determining a resource for transmission of an ACK/NACK according to the selected one of the first ACK/NACK resource allocation scheme and the second ACK/NACK resource allocation scheme.
25. The method of claim 24, wherein:
the resource for transmission of the ACK/NACK is determined based on an index of a Control Channel Element (CCE) used for transmission of allocation information for the data channel, when the control channel is detected and the first ACK/NACK resource allocation scheme is selected; and
the resource for transmission of the ACK/NACK is determined based on information configured by higher layers, when the control channel is not detected and the second ACK/NACK resource allocation scheme is selected.
26. An apparatus for allocating ACKnowledgment/Negative ACKnowledgment (ACK/NACK) resources in a wireless communication system, the apparatus comprising:
a controller for determining whether a control channel is received that indicates a transmission on a corresponding data channel for a corresponding time interval, selecting between a first ACK/NACK resource allocation scheme and a second ACK/NACK resource allocation scheme based on whether the control channel is received, and determining a resource for transmission of an ACK/NACK according to the selected one of the first ACK/NACK resource allocation scheme and the second ACK/NACK resource allocation scheme, wherein the first ACK/NACK resource allocation scheme is different than the second ACK/NACK resource allocation scheme; and
an ACK/NACK mapper for allocating the determined resource to transmit the ACK/NACK.
27. The apparatus of claim 26, wherein:
the controller determines the resource for transmission of the ACK/NACK based on an index of a Control Channel Element (CCE) used for transmission of allocation information for the data channel, when the control channel is detected and the first ACK/NACK resource allocation scheme is selected; and
the controller determines the resource for transmission of the ACK/NACK based on information configured by higher layers, when the control channel is not detected and the second ACK/NACK resource allocation scheme is selected.
Description
PRIORITY

This application claims priority under 35 U.S.C. §119(a) to a Korean Patent Application filed in the Korean Intellectual Property Office on Jan. 10, 2007 and assigned Serial No. 2007-3038, a Korean Patent Application filed in the Korean Intellectual Property Office on Mar. 21, 2007 and assigned Serial No. 2007-27626, a Korean Patent Application filed in the Korean Intellectual Property Office on May 4, 2007 and assigned Serial No. 2007-43785, and a Korean Patent Application filed in the Korean Intellectual Property Office on May 25, 2007 and assigned Serial No. 2007-51059, the contents of which are incorporated herein by reference.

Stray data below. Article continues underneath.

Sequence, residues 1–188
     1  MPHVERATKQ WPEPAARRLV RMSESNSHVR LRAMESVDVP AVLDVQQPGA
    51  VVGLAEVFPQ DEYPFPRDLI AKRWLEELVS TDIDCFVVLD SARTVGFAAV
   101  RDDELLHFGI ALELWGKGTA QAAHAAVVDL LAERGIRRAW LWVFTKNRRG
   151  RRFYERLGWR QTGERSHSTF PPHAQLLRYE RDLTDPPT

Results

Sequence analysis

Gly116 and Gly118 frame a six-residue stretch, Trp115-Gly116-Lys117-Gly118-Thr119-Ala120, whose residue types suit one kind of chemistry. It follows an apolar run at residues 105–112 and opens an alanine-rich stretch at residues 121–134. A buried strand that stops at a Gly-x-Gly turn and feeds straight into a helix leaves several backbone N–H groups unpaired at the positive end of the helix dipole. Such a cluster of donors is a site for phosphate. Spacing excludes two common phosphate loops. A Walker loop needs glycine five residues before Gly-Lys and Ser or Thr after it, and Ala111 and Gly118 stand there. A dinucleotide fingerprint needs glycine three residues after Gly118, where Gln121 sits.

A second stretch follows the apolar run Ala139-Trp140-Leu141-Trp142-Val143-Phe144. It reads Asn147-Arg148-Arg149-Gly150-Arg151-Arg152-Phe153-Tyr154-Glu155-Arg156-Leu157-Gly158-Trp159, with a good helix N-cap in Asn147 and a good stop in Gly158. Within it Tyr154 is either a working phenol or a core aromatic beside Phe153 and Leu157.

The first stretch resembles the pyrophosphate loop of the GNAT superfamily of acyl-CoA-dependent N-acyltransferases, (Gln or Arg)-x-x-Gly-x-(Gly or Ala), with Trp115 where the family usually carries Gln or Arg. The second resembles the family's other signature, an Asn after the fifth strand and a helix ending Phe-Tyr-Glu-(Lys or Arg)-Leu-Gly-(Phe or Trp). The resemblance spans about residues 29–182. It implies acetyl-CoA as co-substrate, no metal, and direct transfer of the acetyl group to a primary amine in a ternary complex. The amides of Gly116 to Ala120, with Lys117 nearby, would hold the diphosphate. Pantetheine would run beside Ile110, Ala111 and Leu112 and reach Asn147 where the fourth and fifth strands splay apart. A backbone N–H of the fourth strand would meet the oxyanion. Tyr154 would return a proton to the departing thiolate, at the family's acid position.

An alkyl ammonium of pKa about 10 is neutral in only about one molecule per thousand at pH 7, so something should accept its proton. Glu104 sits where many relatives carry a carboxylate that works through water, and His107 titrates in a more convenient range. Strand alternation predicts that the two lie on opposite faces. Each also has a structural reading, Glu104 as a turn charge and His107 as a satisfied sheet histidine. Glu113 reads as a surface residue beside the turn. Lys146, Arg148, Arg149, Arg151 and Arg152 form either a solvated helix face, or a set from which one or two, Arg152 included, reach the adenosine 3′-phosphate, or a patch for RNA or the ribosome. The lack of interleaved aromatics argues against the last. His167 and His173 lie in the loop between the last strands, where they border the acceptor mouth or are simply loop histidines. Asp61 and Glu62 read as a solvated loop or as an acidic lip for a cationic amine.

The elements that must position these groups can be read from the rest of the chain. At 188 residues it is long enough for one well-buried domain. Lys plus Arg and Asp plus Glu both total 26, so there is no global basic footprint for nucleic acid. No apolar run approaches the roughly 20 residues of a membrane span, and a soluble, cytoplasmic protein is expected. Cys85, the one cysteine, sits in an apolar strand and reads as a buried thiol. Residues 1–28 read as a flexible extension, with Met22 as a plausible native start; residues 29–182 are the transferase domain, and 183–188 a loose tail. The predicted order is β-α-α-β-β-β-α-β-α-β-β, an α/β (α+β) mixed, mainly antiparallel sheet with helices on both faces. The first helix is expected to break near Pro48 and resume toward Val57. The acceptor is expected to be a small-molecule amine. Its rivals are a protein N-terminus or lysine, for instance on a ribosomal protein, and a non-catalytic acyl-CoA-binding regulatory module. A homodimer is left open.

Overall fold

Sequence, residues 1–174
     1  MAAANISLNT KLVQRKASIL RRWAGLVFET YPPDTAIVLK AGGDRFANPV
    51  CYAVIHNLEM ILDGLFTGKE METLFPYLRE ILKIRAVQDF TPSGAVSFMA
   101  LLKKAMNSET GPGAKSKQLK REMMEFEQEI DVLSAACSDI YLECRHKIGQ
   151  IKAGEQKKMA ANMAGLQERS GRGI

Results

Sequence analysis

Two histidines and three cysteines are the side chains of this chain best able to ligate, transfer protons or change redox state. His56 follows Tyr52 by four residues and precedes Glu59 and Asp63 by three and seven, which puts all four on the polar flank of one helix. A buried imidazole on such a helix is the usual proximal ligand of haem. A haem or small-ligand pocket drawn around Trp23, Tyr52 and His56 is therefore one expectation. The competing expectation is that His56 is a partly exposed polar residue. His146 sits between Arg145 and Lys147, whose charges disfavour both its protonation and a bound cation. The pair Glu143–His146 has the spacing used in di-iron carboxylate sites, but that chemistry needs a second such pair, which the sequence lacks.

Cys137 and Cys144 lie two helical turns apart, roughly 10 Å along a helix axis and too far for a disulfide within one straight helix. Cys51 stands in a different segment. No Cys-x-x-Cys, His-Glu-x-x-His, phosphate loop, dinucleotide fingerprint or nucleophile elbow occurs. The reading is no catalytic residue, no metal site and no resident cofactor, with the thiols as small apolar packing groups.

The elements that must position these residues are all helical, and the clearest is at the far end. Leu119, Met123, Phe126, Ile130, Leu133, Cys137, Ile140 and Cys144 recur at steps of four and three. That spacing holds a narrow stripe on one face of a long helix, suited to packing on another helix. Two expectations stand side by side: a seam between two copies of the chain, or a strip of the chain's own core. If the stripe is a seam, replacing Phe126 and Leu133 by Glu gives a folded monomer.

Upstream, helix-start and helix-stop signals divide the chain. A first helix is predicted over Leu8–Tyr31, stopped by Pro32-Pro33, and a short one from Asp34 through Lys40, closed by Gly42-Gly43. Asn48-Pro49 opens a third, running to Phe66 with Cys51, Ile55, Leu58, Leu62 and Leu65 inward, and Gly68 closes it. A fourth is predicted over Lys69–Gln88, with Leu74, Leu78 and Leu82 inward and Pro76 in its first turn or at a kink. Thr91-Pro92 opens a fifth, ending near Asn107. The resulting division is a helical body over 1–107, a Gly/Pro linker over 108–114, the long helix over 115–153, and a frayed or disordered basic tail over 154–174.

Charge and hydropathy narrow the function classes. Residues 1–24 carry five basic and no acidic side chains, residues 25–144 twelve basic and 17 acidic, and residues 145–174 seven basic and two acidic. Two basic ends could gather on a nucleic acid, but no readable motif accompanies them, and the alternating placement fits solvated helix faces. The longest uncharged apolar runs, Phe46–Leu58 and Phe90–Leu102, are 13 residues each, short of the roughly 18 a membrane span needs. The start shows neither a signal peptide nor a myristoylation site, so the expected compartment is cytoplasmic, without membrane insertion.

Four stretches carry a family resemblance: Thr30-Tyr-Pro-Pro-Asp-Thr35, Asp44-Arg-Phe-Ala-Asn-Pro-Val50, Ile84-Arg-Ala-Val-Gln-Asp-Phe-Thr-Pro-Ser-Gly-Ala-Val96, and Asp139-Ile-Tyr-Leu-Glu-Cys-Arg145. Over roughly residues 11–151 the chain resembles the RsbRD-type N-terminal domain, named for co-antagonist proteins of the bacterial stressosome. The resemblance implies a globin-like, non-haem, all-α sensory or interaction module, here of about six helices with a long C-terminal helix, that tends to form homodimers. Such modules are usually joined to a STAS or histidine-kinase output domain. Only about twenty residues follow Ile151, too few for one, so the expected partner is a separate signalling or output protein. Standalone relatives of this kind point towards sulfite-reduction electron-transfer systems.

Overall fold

BACKGROUND OF THE INVENTION

1. Field of the Invention

The present invention generally relates to a wireless communication system. More particularly, the present invention relates to a method and apparatus for transmitting and receiving an Acknowledgment/Negative Acknowledgment (ACK/NACK) for Hybrid Automatic Repeat reQuest (HARQ).

2. Description of the Related Art

There are two main error control schemes in a data transmission system, Forward Error Correction (FEC) and Automatic Repeat reQuest (ARQ). An FEC system attempts to correct errors in received data. If the error correction is successful, the correct data is decoded. If the error correction has failed, the wrong data is provided to a user or the data is lost. In an ARQ system, a transmitter transmits data using an FEC code with a good error correction capability and if an error is detected from the received data, a receiver requests retransmission to the transmitter.

FEC is relatively less efficient in a good channel environment and if error correction has failed, it decreases system reliability. On the other hand, ARQ has the advantages of high system reliability and efficient transmission with low redundancy, but it causes frequent retransmission requests in a poor channel environment, thus significantly decreasing system efficiency. To overcome these shortcomings, HARQ was proposed by combining FEC and ARQ in an appropriate manner.

HARQ is a scheme that attempts to correct errors in a received coded data (a HARQ packet). It determines from a simple error detection code such as a Cyclic Redundancy Check (CRC) whether to request retransmission of the HARQ packet. After determining the presence or absence of errors in the received HARQ packet, the receiver feeds back an ACK or NACK to the transmitter. The transmitter retransmits the HARQ packet or transmits a new HARQ packet according to the ACK or NACK.

The receiver uses appropriate radio resources for the ACK/NACK transmission. The ACK/NACK is transmitted on a few subcarriers in an Orthogonal Frequency Division Multiplexing (OFDM) wireless communication system and on a predetermined code channel in a Wideband Code Division Multiple Access (WCDMA) system. In general, HARQ packets are transmitted simultaneously to a plurality of users for one Transmission Time Interval (TTI). Therefore, ACKs/NACKs are also transmitted simultaneously for the HARQ packets.

When a Node B allocates downlink data channels to User Equipments (UEs), it also allocates control channel resources in which the UEs will transmit ACK/NACKs for the downlink data channels. For uplink data transmission, the Node B receives uplink packet data from the UEs on uplink data channels and then transmits ACK/NACKs for the packet data in resources agreed between the Node B and the UEs.